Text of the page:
I recently read a book titled MWF Seeking BFF by Rachel Bertsche about a woman who moves to Chicago from NYC to be with her boyfriend (and later becomes her husband), but after living in Chicago for two years finds herself lacking good friends. She describes her best friend as someone she can call spontaneously for a pedicure in the middle of the day. That sounds great, but I don’t get pedicures (mama on a budget here…I paint my own nails!). I actually just tried to type out a description of my type of best friend, but deleted each line I wrote. The truth is I no longer know what my best friend would be like. Maybe it’s because I had kids. Maybe it’s a combination of leaving our friends, who we could have organically grown with despite the addition of kids, along with my parent status. Either way, I can’t figure out what I’m even looking for in a friend, which is probably the biggest problem. Maybe “best” friend doesn’t really exist after middle school. Perhaps you should consider yourself lucky even to have a few good friends. I certainly do.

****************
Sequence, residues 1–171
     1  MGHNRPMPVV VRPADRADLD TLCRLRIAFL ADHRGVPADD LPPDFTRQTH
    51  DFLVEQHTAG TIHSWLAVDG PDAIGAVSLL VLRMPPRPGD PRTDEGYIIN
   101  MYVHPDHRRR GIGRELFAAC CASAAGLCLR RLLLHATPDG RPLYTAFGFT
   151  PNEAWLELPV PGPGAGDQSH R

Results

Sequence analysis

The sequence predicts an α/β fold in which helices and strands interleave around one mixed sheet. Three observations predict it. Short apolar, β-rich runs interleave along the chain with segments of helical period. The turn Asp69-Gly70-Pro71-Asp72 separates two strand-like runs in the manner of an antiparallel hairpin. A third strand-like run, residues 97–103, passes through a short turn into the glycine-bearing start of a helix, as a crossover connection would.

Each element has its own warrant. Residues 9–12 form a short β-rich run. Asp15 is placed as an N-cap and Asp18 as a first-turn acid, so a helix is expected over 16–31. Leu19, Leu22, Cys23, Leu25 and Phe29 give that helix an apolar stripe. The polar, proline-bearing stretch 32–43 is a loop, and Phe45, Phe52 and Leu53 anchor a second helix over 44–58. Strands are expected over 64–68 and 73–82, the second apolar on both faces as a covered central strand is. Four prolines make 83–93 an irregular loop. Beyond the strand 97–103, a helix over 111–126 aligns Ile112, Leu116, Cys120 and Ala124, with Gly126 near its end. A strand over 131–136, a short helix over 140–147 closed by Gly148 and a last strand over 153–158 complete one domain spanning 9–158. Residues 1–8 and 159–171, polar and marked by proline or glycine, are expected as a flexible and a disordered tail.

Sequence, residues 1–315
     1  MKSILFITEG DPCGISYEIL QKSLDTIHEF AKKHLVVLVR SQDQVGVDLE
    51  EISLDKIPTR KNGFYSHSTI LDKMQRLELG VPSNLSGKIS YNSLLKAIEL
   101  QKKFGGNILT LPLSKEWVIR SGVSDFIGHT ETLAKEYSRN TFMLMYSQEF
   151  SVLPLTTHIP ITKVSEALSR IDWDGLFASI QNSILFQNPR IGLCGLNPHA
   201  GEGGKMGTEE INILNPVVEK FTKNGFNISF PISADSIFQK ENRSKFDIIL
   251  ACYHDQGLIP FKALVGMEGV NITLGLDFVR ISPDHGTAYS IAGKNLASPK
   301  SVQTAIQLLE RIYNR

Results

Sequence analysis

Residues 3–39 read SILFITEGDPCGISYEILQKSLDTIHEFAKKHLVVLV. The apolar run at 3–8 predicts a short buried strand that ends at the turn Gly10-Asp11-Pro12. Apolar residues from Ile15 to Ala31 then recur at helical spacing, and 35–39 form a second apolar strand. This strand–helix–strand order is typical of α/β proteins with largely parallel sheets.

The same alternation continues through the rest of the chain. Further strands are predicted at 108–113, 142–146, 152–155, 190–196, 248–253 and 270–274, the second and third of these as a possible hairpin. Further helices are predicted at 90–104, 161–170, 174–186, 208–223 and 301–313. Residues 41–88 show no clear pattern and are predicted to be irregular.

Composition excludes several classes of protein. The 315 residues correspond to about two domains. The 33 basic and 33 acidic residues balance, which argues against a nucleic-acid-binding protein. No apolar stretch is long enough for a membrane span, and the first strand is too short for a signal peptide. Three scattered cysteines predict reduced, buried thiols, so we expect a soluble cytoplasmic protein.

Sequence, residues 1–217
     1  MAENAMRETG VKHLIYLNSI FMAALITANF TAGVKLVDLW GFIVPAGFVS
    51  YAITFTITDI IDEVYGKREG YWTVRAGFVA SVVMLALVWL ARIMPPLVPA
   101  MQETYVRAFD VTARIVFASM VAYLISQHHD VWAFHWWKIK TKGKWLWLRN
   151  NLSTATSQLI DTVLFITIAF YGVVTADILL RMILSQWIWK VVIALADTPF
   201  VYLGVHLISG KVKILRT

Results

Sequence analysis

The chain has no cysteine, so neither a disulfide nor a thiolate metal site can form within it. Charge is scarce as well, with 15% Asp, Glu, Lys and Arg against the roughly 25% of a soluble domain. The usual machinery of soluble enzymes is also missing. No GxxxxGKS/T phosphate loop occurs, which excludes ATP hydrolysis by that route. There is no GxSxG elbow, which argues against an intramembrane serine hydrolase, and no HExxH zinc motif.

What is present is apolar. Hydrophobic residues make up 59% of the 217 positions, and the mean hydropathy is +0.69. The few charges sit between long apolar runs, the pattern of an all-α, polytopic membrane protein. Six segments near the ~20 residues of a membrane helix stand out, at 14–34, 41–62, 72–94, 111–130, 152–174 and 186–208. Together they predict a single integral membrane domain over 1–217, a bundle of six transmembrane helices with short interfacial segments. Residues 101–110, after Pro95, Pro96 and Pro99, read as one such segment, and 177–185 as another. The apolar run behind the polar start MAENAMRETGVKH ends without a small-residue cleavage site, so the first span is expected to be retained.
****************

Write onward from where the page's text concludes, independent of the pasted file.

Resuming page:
Earlier tonight I talked with my friend Melissa for an hour on the phone. She is probably the only one, besides family, that I spend any time talking to on the phone. When we hung up, she apologized for taking an hour of my time, but truthfully, I would have estimated it to be more like 30 minutes. Just talking to my friend about life made time fly, and it seriously improved my mood, especially since I was feeling a bit down after leaving a BBQ for my husband’s work without a new BFF. Melissa and I have these phone conversations maybe once a week or so and each time, I get off the phone with a big giddy smile on my face. Timing being the golden thing it is, I came across a post on a blog I read daily about staying in touch with long distance friends. Amanda from Advice from a Twenty Something had great tips for making it feel like you haven’t left your friends, and one of them was to talk on the phone versus text as it adds a more personal element to your conversation. I also really liked her idea of sending funny notes in the mail or even just using various forms of social media to feel involved in each other’s lives.